5 Ways You Can Join the Conversation on Immigration

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When Jesus asks us to “love our neighbors” what does that phrase mean to you? Are we to love our neighbors who do not look like us; speak other languages; observe different cultural traditions; practice unfamiliar religious beliefs; or cross our borders illegally?

Regardless of where you live, chances are that you will experience different types of people dwelling and working in your midst. Migratory patterns are shifting worldwide, and these shifting patterns are changing the face of local communities, states, and countries. When we witness new people in our communities, many of whom may not speak, dress, act, or look like us, are we welcoming them into the “Beloved Community” or are we unaccepting or fearful of our differences?

This February, GCORR’s monthly Vital Conversations Project focuses its attention on how immigration and migration are changing our communities–and the intercultural competencies that are required to successfully navigate these changes.

Throughout the month we will spotlight local churches that are reflecting their changing community demographics through multicultural worship services, programs, and outreach. We will also showcase first-person commentaries, as well as recommended readings and resources.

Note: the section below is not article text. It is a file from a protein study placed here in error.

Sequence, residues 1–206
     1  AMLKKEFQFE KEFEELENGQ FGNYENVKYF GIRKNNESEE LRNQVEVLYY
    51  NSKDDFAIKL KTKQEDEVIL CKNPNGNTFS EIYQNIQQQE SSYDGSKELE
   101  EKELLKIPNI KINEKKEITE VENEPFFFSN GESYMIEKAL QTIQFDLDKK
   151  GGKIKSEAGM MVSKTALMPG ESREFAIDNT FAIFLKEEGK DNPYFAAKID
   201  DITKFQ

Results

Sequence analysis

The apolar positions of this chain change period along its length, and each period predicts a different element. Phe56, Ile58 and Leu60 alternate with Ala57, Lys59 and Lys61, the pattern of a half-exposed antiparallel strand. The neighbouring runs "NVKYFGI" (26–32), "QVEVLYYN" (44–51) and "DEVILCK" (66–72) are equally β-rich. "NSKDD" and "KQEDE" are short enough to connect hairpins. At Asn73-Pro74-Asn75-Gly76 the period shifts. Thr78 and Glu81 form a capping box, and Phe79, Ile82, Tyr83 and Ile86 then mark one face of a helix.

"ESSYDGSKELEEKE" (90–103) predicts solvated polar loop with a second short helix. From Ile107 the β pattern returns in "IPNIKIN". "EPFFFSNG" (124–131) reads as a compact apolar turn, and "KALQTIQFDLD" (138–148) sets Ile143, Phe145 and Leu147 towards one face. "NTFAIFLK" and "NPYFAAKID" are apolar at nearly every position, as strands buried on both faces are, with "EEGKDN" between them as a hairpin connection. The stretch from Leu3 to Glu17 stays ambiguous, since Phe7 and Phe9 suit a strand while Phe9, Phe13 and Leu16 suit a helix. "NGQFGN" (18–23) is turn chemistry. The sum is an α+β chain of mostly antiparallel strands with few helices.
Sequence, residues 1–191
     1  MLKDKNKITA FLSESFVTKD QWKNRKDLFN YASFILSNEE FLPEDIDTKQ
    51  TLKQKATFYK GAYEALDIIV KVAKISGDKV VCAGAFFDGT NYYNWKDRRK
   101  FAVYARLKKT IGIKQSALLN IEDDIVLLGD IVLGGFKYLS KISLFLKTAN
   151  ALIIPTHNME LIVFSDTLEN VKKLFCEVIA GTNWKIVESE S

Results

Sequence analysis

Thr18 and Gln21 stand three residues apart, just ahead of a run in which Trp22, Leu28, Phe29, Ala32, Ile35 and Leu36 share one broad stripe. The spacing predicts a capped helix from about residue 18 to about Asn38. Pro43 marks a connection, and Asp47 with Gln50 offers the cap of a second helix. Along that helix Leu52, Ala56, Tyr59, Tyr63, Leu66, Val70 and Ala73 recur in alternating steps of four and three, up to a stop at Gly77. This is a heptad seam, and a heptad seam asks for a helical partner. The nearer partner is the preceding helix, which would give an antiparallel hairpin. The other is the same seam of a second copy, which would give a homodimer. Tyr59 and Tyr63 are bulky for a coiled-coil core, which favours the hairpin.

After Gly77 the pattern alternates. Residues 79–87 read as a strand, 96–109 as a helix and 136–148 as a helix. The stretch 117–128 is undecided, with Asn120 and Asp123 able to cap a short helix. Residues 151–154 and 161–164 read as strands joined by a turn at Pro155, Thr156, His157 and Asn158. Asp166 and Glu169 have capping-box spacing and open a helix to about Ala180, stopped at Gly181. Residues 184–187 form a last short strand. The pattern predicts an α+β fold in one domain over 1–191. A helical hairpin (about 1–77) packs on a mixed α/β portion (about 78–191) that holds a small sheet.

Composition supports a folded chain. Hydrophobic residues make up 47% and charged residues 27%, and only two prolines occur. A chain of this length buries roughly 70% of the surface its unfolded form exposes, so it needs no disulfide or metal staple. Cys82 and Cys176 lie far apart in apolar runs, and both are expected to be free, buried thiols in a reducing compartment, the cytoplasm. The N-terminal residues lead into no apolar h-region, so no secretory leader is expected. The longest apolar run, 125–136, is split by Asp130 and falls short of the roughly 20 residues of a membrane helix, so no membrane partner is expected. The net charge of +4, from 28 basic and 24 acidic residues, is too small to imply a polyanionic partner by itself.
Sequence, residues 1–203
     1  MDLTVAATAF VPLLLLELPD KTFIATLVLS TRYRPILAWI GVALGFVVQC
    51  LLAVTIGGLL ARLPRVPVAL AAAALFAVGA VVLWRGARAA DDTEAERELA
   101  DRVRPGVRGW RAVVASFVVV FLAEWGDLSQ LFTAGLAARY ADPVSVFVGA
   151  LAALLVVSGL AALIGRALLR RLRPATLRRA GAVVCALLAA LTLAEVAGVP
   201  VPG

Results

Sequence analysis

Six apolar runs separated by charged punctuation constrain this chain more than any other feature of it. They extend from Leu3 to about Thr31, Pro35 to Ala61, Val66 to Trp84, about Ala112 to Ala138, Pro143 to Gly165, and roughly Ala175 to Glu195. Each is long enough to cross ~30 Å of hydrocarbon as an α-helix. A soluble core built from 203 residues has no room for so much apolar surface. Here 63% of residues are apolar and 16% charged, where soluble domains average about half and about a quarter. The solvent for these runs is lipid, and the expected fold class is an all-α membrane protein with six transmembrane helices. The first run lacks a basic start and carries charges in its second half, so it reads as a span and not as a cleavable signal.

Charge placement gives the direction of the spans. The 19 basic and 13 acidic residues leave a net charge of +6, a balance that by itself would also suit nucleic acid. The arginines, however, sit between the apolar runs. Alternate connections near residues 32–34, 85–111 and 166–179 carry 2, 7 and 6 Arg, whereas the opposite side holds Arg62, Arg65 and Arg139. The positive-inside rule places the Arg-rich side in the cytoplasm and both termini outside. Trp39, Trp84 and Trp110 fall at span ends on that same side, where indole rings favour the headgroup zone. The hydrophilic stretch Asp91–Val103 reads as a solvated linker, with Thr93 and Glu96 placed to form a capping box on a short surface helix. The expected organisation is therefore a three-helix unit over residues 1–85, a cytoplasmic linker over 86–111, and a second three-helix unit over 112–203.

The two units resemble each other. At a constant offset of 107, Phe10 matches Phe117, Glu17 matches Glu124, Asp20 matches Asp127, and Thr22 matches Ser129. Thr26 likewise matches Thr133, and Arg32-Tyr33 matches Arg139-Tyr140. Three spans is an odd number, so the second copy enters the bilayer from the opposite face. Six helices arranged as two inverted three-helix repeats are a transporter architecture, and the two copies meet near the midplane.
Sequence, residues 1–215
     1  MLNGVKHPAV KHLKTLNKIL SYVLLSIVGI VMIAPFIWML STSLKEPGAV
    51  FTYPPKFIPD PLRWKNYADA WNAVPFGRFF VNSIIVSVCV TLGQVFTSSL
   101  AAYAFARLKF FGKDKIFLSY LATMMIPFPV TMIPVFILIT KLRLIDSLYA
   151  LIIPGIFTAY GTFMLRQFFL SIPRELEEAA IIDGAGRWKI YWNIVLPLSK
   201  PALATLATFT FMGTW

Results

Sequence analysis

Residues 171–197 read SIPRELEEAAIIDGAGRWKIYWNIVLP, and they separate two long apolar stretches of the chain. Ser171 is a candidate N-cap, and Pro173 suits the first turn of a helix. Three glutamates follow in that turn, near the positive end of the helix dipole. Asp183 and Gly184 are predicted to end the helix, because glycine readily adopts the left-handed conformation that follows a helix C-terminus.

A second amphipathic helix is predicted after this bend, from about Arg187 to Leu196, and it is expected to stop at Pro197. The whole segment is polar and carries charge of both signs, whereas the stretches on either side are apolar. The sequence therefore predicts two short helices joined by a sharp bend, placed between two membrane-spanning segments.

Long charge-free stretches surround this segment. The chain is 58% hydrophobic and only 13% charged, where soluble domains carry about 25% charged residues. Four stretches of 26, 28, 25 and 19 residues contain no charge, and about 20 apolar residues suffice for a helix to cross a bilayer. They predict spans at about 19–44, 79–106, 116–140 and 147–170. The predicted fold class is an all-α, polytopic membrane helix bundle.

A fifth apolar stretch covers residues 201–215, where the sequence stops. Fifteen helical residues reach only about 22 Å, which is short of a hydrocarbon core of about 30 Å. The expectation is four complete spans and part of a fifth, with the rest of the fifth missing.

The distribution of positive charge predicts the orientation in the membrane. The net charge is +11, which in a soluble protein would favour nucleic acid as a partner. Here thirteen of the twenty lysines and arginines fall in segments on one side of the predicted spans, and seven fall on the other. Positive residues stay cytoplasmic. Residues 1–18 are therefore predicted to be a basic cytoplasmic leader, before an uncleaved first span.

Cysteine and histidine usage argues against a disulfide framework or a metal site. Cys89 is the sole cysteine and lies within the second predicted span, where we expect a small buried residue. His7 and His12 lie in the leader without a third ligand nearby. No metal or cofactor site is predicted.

Here are some easy ways that you can engage in the conversation:

  • Pen a 500-word or fewer commentary and send it to Barbara Michelman for consideration;
  • Likeretweet, or comment on our related social media and/or website content this month;
  • Share a related resource or recommended reading so that we can add it to our website offerings;
  • Forward this email to 10 people; and/or
  • Help spread the word about our upcoming Twitter chat on Thursday, Feb. 19, at 9 p.m. EST, when we will explore the topic of immigration and migration and how Jesus calls us to serve our new and ever-changing neighbors.
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GCORR is building the capacity of The United Methodist Church to be contextually relevant and to reach more people, younger people, and more diverse people as we make disciples of Jesus Christ for the transformation of the world.